"There has to be reasonable standards, but they have to be fair," Duncan added. Compliance is costly to merchants and "after you comply, they reserve the right to fine you anyway," Duncan added, referring to cases in which merchants are fined because they may have missed deadlines on rule changes they may not have known about.
The PCI council has endured other attacks since its inception.
In one example in November of 2009, a law firm representing seven restaurants in Louisiana and Mississippi that suffered data security breaches filed a class action against Radiant Systems, a Georgia-based point of sale hardware manufacturer; and Computer World Inc., a Louisiana-based POS system distributor. The suit alleged those companies sold the restaurants Aloha POS systems that were incorrectly described as compliant with PCI related security standards, even though Visa informed the POS sellers those units were not compliant.
Confusion has also surfaced when a retailer or processor pass audits for PCI compliance only to find out after a data breach that it was out of compliance due to previously undiscovered vulnerabilities. At the times of their respective breaches, both Target Inc. and Heartland Payment Systems told investigators the company had passed security audits prior to the data compromises.
The PCI Council has declined to address the NRF letter and its allegations at this time.
Given the level of contention between the NRF and the networks, it’s really not very likely that the NRF would agree with anything that the networks and their constituents attempt to do, and that’s probably an ongoing and never-ending issue, said Thad Peterson, senior analyst with Boston-based Aite Group.
"Merchants want to minimize any barrier to a sale or incremental expense that could negatively impact their business," Peterson said. "The networks want to protect their constituents, which include the retailers but also include the acquirer/processors, issuers and ultimately, consumers, from the risk of losses due to fraud or theft."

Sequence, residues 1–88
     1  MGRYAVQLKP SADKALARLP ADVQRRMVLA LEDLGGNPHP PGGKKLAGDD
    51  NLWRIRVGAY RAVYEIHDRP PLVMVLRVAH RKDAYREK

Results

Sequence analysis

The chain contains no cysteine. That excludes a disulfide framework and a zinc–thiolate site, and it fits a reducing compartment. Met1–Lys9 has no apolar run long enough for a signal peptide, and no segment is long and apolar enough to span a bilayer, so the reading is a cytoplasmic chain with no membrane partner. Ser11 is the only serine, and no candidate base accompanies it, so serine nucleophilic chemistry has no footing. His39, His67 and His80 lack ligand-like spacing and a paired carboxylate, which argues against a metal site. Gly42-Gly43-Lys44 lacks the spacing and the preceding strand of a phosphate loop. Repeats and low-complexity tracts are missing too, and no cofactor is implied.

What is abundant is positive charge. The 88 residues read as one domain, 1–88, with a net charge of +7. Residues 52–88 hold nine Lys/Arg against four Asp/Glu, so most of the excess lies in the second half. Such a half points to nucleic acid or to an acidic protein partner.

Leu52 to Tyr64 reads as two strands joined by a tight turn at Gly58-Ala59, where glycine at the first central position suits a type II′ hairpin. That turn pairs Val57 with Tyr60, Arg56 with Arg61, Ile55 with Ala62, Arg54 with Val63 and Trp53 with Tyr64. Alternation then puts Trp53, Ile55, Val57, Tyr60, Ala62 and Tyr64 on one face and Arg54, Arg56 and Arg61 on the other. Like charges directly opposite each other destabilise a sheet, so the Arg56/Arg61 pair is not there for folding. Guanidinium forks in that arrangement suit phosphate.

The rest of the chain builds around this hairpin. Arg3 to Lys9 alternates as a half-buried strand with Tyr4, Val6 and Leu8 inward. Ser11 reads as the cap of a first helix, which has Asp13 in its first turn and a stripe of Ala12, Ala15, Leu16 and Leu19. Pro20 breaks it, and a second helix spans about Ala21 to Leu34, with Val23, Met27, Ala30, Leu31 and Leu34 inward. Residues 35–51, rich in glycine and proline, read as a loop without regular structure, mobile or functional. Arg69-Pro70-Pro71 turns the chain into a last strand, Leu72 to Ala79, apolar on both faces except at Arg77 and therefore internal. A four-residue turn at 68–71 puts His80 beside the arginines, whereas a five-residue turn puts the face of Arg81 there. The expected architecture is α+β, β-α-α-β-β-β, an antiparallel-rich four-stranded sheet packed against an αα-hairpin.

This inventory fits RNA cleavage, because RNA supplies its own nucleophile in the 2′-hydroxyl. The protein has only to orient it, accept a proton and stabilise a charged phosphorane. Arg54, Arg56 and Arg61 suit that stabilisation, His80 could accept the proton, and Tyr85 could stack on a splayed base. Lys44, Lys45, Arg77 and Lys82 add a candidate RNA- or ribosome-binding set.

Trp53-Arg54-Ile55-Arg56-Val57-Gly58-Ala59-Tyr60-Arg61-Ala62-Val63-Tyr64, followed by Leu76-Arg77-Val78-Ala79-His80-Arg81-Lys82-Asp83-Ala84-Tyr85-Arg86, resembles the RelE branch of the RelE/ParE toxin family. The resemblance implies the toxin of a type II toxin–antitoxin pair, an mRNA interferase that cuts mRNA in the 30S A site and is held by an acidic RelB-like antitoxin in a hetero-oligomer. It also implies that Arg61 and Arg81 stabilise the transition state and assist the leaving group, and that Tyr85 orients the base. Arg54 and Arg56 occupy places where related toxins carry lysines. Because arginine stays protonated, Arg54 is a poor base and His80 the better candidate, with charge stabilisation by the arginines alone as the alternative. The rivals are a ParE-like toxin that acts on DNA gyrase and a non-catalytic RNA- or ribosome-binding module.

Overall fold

Agreement is unlikely, and the stakes are "driven pretty firmly in the ground on both sides," Peterson added.
But seeking more government intervention, ultimately, could make things worse — or at least far slower, Peterson said.
"The dynamism of the problem dictates that the entities responsible for managing the process and setting requirements are close to the problem and able to move fairly quickly," he added. "Neither of these requirements are part of governmental DNA."
The NRF request for PCI scrutiny occurred a week after the Merchant Advisory Group asked the Federal Financial Institution Examination Council to investigate some debit card issuers in the industry, alleging they are violating the Durbin amendment ruling mandating at least two network choices for debit transaction routing.
The MAG's pursuit of a closer look at debit routing came right on the heels of Walmart pursuing the same concern in filing a lawsuit against Visa. Walmart accuses the card brand of compromising cardholder security by pushing for acceptance of debit transactions authorized through cardholder signature, rather than with a PIN. The end result robs merchants of debit routing options while also requiring them to pay higher fees for card acceptance, according to Walmart.
If interchange, transaction routing and security standards bodies aren't enough to keep merchants and the card networks banging heads, the merchants last week reminded the industry that the concept of "honor all cards" still doesn't sit well with them, particularly as it advances into modern technology with an "honor all wallets" concept.
"We just never seem to get out of this constant conflict," International Consulting's Mader said. "There is dirt on both sides, but let's make it easy, convenient and safe for consumers. Can we do something together on this? I don't know."